Because of expanding business practices, the real estate supply chain has undergone major developments, particularly due to offshoring. Because developing countries provide cheaper costs of material and production, key functions have been transferred outside the local region. For example, India labor costs are much more affordable versus U.S. ones, therefore design, finance and property management activities can be offshored to Indian design, finance and accounting firms. At the same time, because Chinese steel is cheaper versus local ones, U.S. real estate and construction firms would rather purchase their supplies there.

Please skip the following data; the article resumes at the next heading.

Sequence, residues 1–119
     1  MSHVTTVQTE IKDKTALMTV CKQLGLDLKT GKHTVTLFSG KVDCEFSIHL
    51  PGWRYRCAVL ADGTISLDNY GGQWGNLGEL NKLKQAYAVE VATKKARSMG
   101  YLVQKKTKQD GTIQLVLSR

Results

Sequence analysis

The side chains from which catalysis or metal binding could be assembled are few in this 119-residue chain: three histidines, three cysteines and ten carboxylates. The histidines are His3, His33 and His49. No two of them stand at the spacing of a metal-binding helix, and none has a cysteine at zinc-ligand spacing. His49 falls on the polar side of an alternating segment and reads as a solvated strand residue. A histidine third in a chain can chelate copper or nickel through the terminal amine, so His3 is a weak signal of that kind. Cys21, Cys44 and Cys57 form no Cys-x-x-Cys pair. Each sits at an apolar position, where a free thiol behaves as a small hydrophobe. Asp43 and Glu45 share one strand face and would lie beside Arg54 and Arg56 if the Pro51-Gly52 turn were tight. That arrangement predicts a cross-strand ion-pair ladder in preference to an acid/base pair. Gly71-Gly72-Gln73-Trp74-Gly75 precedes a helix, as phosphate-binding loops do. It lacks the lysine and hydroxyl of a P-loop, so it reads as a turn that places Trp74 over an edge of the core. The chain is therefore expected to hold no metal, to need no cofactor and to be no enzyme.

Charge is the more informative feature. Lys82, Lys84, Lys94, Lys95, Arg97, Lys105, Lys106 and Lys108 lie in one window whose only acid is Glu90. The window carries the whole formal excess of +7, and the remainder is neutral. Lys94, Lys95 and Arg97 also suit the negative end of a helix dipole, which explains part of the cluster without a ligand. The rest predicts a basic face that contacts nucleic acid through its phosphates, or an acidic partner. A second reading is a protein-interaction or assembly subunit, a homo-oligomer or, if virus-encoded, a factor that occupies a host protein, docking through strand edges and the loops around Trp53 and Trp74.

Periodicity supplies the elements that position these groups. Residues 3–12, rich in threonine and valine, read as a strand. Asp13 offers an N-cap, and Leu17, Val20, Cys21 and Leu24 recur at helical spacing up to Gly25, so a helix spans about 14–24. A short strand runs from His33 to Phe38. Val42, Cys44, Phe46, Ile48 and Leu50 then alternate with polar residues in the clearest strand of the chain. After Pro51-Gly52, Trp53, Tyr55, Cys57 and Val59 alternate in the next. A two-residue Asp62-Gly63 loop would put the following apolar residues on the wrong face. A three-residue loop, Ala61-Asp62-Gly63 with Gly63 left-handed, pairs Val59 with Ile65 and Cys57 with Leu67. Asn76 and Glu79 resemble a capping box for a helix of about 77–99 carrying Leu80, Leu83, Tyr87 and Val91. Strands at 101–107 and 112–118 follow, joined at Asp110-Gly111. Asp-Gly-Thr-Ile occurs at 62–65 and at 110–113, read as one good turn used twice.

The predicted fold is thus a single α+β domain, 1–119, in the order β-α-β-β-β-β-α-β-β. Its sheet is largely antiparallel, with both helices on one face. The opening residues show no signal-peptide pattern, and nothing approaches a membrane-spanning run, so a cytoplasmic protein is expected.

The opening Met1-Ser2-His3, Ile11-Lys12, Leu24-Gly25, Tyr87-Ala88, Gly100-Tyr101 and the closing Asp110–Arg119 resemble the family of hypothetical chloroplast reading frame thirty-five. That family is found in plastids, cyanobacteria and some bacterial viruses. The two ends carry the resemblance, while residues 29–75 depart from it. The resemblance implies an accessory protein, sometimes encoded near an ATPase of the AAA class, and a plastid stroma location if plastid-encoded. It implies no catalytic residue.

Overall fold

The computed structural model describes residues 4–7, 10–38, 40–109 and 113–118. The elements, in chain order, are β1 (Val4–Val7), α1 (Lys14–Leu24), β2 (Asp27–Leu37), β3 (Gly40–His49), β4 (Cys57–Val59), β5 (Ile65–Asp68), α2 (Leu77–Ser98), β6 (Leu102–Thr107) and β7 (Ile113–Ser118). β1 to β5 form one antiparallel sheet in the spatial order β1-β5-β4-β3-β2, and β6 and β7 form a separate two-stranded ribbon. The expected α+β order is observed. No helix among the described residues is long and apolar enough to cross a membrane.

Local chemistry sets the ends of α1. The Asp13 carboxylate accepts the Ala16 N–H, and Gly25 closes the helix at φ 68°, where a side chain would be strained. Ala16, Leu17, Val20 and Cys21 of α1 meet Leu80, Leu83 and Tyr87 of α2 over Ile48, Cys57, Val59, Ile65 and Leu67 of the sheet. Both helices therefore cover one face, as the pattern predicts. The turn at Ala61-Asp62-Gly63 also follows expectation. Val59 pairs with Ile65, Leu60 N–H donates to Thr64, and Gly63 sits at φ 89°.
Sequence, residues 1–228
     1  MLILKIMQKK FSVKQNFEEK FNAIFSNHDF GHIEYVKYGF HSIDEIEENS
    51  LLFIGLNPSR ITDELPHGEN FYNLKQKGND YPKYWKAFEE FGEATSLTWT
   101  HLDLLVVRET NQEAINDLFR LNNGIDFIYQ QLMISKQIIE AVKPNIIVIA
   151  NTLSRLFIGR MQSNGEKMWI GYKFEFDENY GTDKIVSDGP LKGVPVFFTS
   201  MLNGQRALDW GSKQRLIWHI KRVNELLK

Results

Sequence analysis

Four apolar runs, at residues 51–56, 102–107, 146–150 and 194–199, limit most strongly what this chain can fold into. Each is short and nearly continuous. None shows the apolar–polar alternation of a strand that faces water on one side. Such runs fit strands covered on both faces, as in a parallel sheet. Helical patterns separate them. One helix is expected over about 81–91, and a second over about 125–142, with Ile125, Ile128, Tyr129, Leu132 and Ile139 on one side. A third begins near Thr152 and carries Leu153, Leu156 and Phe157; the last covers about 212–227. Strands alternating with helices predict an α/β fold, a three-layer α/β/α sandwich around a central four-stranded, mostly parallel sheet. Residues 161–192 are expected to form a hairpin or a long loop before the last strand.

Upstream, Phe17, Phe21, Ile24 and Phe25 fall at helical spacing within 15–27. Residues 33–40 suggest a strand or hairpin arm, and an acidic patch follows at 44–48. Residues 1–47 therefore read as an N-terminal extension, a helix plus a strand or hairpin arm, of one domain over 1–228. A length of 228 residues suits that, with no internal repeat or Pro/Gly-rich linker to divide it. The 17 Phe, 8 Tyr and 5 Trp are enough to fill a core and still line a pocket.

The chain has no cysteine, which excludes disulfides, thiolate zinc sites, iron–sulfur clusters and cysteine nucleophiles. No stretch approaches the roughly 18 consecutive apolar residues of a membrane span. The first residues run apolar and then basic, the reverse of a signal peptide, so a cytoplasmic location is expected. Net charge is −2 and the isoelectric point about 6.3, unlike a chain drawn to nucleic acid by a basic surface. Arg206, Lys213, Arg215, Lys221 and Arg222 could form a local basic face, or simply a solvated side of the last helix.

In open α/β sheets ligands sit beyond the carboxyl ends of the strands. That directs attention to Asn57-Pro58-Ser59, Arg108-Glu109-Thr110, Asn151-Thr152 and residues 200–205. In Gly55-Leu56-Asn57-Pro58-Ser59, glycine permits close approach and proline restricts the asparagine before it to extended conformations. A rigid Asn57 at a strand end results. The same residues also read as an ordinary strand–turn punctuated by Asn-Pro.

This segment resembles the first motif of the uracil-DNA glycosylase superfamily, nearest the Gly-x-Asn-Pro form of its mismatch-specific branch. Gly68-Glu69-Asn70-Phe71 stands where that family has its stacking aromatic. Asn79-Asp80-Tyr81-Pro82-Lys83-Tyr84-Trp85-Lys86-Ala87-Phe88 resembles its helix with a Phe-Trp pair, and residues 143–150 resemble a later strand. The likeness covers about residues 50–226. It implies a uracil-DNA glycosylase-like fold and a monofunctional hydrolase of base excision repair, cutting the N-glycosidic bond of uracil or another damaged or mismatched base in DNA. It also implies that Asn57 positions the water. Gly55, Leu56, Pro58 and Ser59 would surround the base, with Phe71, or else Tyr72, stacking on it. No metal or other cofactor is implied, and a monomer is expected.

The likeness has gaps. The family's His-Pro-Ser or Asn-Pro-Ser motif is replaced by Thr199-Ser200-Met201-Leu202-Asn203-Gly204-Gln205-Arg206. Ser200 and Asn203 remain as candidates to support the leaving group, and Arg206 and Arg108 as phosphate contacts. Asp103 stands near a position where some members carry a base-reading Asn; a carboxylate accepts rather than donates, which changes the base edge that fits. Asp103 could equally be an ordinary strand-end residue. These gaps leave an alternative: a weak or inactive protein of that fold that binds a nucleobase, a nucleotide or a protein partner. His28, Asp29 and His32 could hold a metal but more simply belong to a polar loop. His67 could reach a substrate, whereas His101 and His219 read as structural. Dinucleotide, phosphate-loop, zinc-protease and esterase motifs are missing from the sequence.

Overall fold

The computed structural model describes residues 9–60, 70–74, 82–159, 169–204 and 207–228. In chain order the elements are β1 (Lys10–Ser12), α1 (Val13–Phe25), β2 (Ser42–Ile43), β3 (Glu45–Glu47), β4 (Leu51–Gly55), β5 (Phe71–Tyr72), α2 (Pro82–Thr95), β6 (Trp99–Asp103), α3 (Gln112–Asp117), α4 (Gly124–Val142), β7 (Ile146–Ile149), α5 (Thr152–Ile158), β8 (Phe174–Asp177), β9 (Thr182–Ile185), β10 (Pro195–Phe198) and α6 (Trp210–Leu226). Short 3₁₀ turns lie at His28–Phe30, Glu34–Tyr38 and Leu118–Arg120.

Offshoring provides a heap of benefits, especially for developing countries. Globalized business practices presents the opportunities for the sharing of knowledge and skills that further enhances a developing country’s ability to perform in the global stage. At the same time, the affordable labor and production costs that they provide leads to sharper demand for other resources and inputs that drive real estate prices and construction.
Increased Demand and Lower Risk of Obsolescence
Fast growing economies in places like China and India have seen high labor productivity, economic growth and an expansion of the middle-class—a medley of factors that have brought higher demand in residential real estate. Now, more than ever, people wish to migrate to the urbanized global hubs. At the same time, their spending power has increased as financial reforms have made mortgages more accessible to them at relatively low interest rates.